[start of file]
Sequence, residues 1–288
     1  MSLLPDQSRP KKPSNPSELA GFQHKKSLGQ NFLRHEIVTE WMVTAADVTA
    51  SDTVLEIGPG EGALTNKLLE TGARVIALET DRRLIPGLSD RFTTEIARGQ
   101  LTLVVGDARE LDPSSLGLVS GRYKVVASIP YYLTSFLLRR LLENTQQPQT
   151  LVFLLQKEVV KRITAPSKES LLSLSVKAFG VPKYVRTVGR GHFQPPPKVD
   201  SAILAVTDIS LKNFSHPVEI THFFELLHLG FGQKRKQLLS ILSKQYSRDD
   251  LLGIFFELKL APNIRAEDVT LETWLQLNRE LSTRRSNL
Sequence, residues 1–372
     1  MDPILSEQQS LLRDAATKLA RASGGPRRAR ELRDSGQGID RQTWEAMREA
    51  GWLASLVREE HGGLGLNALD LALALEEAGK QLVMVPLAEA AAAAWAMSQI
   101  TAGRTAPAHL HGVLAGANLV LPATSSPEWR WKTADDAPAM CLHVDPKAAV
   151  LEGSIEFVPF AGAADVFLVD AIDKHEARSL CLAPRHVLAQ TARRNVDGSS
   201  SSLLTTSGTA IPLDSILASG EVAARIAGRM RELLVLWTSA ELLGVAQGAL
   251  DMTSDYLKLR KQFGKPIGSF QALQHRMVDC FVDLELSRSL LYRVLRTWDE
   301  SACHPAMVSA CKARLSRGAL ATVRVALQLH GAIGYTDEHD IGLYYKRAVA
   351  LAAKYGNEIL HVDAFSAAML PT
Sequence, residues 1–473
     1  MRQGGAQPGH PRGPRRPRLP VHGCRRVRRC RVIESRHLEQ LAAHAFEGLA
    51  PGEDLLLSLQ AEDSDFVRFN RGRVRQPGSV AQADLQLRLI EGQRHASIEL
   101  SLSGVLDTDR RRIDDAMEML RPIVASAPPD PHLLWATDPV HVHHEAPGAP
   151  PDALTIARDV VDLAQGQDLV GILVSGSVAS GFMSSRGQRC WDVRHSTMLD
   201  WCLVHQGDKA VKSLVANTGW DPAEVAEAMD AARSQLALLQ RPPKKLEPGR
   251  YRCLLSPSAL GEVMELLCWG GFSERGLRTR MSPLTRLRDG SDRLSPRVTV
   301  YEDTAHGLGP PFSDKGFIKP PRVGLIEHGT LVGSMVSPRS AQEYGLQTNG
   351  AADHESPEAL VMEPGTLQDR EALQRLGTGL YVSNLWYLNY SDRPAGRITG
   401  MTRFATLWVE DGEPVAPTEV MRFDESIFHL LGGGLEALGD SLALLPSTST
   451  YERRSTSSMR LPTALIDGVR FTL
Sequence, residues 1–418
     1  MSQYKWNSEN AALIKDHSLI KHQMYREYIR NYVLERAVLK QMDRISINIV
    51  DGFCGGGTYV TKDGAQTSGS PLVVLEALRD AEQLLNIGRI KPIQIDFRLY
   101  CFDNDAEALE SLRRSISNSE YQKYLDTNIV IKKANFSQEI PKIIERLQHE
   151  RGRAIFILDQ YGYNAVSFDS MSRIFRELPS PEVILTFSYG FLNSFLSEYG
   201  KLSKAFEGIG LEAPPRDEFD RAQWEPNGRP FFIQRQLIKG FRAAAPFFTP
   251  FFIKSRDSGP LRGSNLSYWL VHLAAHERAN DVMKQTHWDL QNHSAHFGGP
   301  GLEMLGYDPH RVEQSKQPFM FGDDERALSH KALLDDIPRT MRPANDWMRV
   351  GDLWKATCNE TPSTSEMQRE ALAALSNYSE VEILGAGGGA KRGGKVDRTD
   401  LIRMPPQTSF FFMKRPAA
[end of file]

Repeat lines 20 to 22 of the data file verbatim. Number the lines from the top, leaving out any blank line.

   101  SLSGVLDTDR RRIDDAMEML RPIVASAPPD PHLLWATDPV HVHHEAPGAP
   151  PDALTIARDV VDLAQGQDLV GILVSGSVAS GFMSSRGQRC WDVRHSTMLD
   201  WCLVHQGDKA VKSLVANTGW DPAEVAEAMD AARSQLALLQ RPPKKLEPGR